Living near a park cuts obesity heart disease and chronic stress risks

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Living near a park can improve the mental and physical health of Americans - especially youth and teenagers, a new report urges. 

Researchers at the University of California, Los Angeles, found that children in the state who grew up within a third of a mile of a park were at a lower risk of becoming obese by age 18 and were less at-risk for chronic health problems later in life. 

Plus, the report authors argue, proximity to a park has been linked to lower stress levels, even for people whose financial insecurity places them under greater levels of distress. 

They note that parks may offer a free, untapped resource for millions of Californians and Americans on the whole. 

People who live within walking distance of parks are at at lower risks of heart disease and obesity - and teens are 30% more likely get an five hours of physical activity a week, a new University of California, Los Angeles report reveals (pictured: a 'super bloom' in California)

People who live within walking distance of parks are at at lower risks of heart disease and obesity - and teens are 30% more likely get an five hours of physical activity a week, a new University of California, Los Angeles report reveals (pictured: a 'super bloom' in California)

Across the 50 states there are about 84 million acres of national parks, plus many more acres of urban parks, in the US.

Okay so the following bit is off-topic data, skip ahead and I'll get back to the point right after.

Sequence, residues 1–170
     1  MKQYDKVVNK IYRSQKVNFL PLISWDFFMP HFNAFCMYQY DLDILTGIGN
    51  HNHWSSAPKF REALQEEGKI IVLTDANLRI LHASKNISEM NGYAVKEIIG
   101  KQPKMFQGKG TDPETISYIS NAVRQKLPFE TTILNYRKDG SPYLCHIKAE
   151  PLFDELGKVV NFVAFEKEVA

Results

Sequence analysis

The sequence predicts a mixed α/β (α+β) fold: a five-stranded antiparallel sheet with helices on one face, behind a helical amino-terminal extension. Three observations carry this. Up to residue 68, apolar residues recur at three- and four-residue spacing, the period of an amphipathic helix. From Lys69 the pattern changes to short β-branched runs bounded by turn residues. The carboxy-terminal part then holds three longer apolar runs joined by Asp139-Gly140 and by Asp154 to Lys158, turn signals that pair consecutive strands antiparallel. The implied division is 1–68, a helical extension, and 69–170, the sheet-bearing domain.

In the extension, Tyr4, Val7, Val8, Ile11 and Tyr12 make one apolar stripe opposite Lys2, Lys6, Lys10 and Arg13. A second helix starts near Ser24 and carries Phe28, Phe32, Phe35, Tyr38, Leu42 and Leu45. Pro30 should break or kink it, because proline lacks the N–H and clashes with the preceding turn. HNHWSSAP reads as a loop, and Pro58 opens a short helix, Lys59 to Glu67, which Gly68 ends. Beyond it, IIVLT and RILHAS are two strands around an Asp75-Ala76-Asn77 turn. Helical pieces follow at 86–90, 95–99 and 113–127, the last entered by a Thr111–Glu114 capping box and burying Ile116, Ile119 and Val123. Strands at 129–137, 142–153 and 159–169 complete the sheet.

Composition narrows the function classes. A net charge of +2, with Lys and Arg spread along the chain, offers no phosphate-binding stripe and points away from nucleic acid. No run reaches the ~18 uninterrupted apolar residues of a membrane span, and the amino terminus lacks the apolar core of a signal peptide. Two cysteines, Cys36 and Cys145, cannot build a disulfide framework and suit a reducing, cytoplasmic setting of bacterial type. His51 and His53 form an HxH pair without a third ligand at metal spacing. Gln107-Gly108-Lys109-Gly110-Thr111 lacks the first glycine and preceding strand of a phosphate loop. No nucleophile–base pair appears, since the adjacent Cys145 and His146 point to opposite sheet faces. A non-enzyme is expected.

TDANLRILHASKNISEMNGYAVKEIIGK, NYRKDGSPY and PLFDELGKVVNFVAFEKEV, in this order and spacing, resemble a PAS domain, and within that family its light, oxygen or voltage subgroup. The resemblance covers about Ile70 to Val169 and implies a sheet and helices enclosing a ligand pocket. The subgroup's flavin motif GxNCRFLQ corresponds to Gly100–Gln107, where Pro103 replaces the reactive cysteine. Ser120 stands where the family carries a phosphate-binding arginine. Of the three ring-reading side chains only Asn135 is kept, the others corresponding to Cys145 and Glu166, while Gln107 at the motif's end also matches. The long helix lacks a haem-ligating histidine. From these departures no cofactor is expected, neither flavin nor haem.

They're not just there to preserve or improve the landscapes, but to benefit our health. 

Although people travel from far and wide to see national parks like Yosemite or Yellowstone, green spaces are arguably more essential to human health in cities. 

Acting as oases of trees, urban parks contribute clean oxygen to the environments around them, which in turn helps to improve the air quality for us and reduce risks of asthma, heart disease and more. 

They also offer no-cost spaces for people to exercise.  

And these benefits to our physiology are good for our mental health and stress levels as well.  

In their review of studies on California parks and human health, UCLA researchers saw these benefits born out for millions of children and adults in the sate. 

One of these studies surveyed 80,000 California households about their mental health, stress and financial circumstances. 

They found that regardless of how poor or wealthy

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